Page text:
(Bloomberg) -- Bitcoin extended its drop below $20,000 on Monday as part of a wider cryptocurrency-market retreat, amid concern about the Federal Reserve’s rate-hike path.
The largest token fell as much as 2.3% on Monday to $19,527. That’s on course for a fifth straight day of declines, coming after US stocks fell on Friday following Fed Chair Jerome Powell’s speech at the Jackson Hole conference. The wider crypto market retreated Monday, with the MVIS CryptoCompare Digital Assets 100 Index dropping as much as 2.5%.
“Money is flowing out of risky assets. Crypto followed the sharp adjustment of the U.S. stock market” after Powell’s remarks, said Cici Lu, chief executive officer at consulting firm Venn Link Partners. “Markets didn’t like what he had to say and Bitcoin is resuming as a high-beta asset.”
The $20,000 level acted as support for Bitcoin when it hit lows in recent months, but the cryptocurrency had worked its way higher in recent weeks. Before Saturday, it hadn’t been below $20,000 since July 14, and had even crossed above $25,000 earlier in August.
The gyrations have come amid uncertainty about the path and magnitude of Fed rate hikes, and the effect they could have on riskier assets.
Numerous strategists have flagged $20,000 as a key point for Bitcoin, though levels of support could lie lower as well.
Fairlead Strategies’ Katie Stockton sees long-term support in the $18,300 to $19,500 area. Fundstrat strategist Mark Newton has flagged some key areas in the $19,000 range, with a “real area of importance” around $17,500, near the June lows and which would allow for a 100% alternate wave projection of the most recent decline from mid-August, he said in a note Friday.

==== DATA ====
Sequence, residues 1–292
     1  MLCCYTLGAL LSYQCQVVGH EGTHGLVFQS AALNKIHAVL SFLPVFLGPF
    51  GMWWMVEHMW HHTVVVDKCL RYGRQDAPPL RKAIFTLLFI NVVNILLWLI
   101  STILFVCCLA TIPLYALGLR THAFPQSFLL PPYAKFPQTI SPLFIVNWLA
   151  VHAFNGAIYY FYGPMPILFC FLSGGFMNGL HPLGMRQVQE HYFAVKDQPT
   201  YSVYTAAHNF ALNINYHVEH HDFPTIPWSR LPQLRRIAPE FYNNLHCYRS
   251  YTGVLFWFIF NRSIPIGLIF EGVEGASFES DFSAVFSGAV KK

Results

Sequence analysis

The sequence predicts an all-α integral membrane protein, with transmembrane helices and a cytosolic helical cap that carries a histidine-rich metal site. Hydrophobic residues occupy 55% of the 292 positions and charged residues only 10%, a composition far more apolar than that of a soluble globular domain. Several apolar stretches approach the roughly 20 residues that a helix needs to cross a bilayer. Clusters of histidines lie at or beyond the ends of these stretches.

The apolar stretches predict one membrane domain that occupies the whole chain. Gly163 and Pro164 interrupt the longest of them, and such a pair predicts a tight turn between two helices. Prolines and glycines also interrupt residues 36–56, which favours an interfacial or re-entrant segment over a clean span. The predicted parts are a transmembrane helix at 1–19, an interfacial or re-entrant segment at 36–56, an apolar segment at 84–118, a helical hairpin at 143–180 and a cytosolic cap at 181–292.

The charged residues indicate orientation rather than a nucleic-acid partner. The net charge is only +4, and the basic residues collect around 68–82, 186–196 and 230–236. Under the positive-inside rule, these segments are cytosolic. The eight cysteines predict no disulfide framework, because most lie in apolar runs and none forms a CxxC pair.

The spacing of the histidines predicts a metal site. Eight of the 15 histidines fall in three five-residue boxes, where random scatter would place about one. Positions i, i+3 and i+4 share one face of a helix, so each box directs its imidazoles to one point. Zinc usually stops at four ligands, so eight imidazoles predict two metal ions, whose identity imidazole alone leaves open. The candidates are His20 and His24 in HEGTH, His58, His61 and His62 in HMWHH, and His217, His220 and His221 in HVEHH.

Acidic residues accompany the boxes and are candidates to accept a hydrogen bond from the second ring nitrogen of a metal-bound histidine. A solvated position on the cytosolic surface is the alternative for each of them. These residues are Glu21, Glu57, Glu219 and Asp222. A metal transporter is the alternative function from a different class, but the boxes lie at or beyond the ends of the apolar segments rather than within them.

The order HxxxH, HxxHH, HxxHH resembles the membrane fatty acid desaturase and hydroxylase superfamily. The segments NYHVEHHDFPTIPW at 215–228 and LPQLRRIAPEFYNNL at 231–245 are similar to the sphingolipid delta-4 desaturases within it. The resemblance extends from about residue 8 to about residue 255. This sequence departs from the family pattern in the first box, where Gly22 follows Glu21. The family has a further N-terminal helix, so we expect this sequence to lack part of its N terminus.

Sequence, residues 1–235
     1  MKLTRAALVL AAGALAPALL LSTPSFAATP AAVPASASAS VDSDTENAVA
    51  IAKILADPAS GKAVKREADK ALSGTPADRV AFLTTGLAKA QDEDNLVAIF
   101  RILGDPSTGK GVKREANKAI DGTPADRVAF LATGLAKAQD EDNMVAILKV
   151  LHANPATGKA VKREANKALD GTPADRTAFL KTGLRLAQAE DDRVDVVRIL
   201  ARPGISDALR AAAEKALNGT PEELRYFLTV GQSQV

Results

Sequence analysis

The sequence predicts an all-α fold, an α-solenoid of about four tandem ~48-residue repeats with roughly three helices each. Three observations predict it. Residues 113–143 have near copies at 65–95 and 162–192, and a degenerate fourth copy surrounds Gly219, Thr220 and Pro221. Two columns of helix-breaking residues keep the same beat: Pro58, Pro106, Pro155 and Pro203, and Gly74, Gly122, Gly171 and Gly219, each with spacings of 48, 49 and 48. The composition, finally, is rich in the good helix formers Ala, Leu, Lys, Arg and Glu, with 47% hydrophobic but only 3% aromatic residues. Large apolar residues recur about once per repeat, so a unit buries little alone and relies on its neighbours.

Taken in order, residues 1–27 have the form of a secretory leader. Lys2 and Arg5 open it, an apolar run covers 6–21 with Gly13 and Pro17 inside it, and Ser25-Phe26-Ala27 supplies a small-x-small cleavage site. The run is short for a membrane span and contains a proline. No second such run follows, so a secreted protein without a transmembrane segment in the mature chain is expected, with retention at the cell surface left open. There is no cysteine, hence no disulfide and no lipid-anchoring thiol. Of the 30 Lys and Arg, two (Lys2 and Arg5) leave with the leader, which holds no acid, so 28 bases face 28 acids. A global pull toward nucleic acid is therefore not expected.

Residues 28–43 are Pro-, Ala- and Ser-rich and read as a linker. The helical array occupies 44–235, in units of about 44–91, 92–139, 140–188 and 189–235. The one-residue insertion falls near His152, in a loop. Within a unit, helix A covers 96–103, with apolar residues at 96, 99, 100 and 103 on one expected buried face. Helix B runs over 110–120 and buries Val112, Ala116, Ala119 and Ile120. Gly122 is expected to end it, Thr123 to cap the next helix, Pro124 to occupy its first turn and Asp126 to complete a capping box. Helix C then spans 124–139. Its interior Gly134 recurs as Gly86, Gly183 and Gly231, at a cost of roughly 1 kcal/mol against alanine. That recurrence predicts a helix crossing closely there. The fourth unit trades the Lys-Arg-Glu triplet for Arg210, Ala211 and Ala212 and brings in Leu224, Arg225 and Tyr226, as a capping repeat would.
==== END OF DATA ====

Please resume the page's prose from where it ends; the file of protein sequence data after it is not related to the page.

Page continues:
“If Bitcoin doesn’t hold $20,000, then $18,900 comes into play before a date with the June intraday low of $17,600,” said Antoni Trenchev, co-founder and managing partner of Nexo, in a note Sunday. “Close below that and it doesn’t look pretty.”
The past two Fridays have been tough in the crypto market, with $288 million of crypto longs liquidated on the most recent one, according to data from Coinglass. On Aug. 19, $562 million of longs were liquidated, the most since June 13.
Second-biggest crypto Ether slid as much as 4.1% on Monday to $1,422.67, continuing a decline from around $2,000 a couple weeks ago. It has been fluctuating ahead of its much-anticipated Merge upgrade, which is due in mid-September.
“Ethereum’s drop ahead of the impending Merge is also of note as bearish sentiment appears to be taking hold across all so-called risk assets,” analysts at Bitfinex said in a note Friday. “The volatility that has become so characteristic of the digital token space shows no signs of abating."